The first thing it doesn't solve is accessibility. If I want people -- people I don't know -- to be able to look at my hosted material then they have to be able to find it. This they can do by using a search engine ... but as soon as a search engine becomes part of the solution it isn't all "self hosting" any more; you (and your site's users) have to trust the search engine company, and the search engine company is in a position to monetize your data.

      The second thing is exclusivity. I may publish the things I want to publish on my own site -- and only on my own site -- but that doesn't stop other people from putting information about me (or other information I'd like to keep under my own control) on their sites ... and they may not be self-hosting, so that information may misused, monetized, and otherwise abused in all the ways you hope to prevent by self-hosting your own site.

      So, you're only partly right. Putting the information you wish to share on a website on a server over which you have some degree of control is certainly better than putting it on a bunch of pages on some social media site, but it doesn't give you all of the privacy or the control that one ought to be able to demand for one's online presence. Not nearly.

      ... but I don't think there is a solution, as such. There's no way that you can stop other people scraping a public website and correlating the data there with data from all the other websites in the world and making connections and drawing conclusions. Big Data analytics is getting to be scarily effective technology, and facial recognition of any photographs you post means that your un-named friends and family will be identified pretty quickly.

      The only solution that stands a chance is not to have an online presence at all, and to ask all your family and friends to refrain from posting about you, or posting your photograph, anywhere that they have a presence ... and even that doesn't have much of a chance.

  3. IceC0ld

    The 'good' old days

    when all we had to worry about was that pesky flaming from the IRC thingy that the damn kids had come up with, mind you, with access being in the 56kbps, we were LUCKY to have flames, I barely raised smoke :oP

    just re read this, and am now sitting waiting for the got wood remarks ffs, sometimes I go moist for the days of IRC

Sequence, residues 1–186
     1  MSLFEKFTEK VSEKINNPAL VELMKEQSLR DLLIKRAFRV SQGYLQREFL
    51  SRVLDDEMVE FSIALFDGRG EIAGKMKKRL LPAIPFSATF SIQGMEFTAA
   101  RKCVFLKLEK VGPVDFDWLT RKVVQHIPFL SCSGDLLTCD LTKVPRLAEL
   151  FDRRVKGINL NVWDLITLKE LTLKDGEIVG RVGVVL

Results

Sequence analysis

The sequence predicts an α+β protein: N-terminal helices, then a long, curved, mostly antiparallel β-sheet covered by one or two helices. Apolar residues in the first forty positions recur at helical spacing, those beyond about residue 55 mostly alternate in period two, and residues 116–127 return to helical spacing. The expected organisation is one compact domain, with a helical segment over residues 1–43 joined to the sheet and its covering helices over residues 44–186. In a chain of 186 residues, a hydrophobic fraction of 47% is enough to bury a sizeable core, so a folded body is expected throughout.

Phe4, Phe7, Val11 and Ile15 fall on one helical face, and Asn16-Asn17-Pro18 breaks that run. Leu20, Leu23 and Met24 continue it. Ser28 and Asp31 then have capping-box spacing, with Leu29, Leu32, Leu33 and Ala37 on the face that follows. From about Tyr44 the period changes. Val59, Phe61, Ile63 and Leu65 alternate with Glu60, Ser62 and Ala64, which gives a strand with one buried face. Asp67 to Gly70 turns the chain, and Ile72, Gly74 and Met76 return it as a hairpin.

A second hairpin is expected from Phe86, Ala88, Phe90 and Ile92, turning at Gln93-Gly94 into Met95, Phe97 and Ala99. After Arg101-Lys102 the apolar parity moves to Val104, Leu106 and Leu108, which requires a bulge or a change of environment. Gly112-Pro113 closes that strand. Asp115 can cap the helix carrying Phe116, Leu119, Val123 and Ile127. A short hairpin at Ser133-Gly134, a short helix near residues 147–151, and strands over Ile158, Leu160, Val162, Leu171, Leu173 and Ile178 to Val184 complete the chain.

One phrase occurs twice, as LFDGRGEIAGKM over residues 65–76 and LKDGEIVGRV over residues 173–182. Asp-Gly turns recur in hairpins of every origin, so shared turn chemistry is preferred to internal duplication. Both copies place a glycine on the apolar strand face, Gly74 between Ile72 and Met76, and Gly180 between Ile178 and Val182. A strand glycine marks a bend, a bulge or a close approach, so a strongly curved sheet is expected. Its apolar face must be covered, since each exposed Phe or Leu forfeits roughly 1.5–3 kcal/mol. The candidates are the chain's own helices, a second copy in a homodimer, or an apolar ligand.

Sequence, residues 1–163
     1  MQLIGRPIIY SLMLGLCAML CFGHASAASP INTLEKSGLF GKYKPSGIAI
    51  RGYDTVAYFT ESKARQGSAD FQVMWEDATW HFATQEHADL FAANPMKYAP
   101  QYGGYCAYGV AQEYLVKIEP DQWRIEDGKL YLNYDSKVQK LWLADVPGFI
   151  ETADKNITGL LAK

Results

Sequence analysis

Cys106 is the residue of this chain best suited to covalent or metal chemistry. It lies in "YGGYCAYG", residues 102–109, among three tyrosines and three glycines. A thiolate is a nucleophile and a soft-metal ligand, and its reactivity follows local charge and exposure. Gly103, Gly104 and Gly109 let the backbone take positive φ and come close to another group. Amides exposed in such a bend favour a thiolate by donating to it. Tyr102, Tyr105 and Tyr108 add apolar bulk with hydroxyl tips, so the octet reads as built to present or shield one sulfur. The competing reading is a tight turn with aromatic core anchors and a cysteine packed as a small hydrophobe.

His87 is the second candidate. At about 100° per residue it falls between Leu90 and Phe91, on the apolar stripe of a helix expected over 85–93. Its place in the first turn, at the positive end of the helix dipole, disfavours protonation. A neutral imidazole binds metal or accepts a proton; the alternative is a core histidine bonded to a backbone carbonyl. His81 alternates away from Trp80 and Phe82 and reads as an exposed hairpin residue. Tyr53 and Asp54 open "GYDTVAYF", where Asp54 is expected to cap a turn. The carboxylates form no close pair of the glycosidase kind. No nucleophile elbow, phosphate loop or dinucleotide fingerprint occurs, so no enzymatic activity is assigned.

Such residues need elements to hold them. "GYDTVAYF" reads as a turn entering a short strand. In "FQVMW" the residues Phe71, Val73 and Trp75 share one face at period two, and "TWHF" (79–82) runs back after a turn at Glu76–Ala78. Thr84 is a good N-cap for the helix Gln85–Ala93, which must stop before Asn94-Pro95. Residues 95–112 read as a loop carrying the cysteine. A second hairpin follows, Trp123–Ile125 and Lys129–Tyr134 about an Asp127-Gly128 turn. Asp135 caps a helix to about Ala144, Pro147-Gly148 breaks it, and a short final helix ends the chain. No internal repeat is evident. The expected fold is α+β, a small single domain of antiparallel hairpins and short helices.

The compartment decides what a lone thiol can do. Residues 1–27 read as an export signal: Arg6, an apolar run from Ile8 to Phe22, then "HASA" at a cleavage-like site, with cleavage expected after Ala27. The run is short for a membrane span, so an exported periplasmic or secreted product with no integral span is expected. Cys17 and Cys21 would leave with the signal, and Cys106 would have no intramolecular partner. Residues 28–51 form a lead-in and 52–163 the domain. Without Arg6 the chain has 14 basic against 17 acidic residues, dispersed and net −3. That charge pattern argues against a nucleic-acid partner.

1. LDS Silver badge

      Re: The 'good' old days

      I'm sure the good old days were when the whole Web run on Tim's Next machine only.

    2. Dave_uk

      Re: The 'good' old days

      > "...with access being in the 56kbps, we were LUCKY to have flames, I barely raised smoke :oP"

      YOU WERE LUCKY! All we had was 28Kbps, no smoke at that snail speed, when it stayed connected that is...

      1. Anonymous Coward
        Anonymous Coward

        Re: The 'good' old days

        Since we are reminiscing of the good old days, I remember when I was reading Usenet News on a terminal with a 9600 bps connection to a Unix-ish server. And it was plenty speedy as there were no ads (except from the September blues) and the killfiles took them out quickly. Just doing the kills and the selects and then pumping the space bar made it possible to drink straight from the fire hose. That is why I still find the link so handy.

  4. amanfromMars 1 Silver badge

    Cometh the Hour, Cometh the Man ..... and the Attractions Needed?

    There needs to be clear plan of attack, recognition of pain points for companies, a broad and well-organized campaign to engage and rally people.

    What more than Registering AI Pow Wowing is needed?

  5. RyokuMas Silver badge

    "There needs to be clear plan of attack, recognition of pain points for companies, a broad and well-organized campaign to engage and rally people."

    Apparently there was one... but Google made sure it appeared on page 4 of their search results, so nobody read it...

  6. Potemkine! Silver badge

    Nice example of trolling

    ... and a clear demonstration of what it's wrong with the Net: people.

    1. DropBear

      Re: Nice example of trolling

      So your point is that humans aren't perfect... ? And that everything they create necessarily reflects their nature? So, what - should we just voluntarily refrain from such frivolities like "going online" until we manage to ascend as luminous beings of pure energy and enlightenment...? Or should we just forget even thinking about how the web could be made better because it's all pointless anyway? Is that it...?

      Yeah, this "manifesto" isn't exactly a giant leap for mankind towards a better web, for sure; I fully concede that angle. And it's not like anyone ever asked the hare if it has any objections against being the dinner tonight, true. Perhaps the internet does indeed have a snowflake's chance in hell to ever be what it was supposed to be when it was imagined; but that won't make me stop listening for any ideas of what could be done or trying to apply any sensible ones - just because we're all fucked anyway*.

      * Duh, of course we are. That doesn't mean we can't go to hell with some panache...

      1. JohnFen

        Re: Nice example of trolling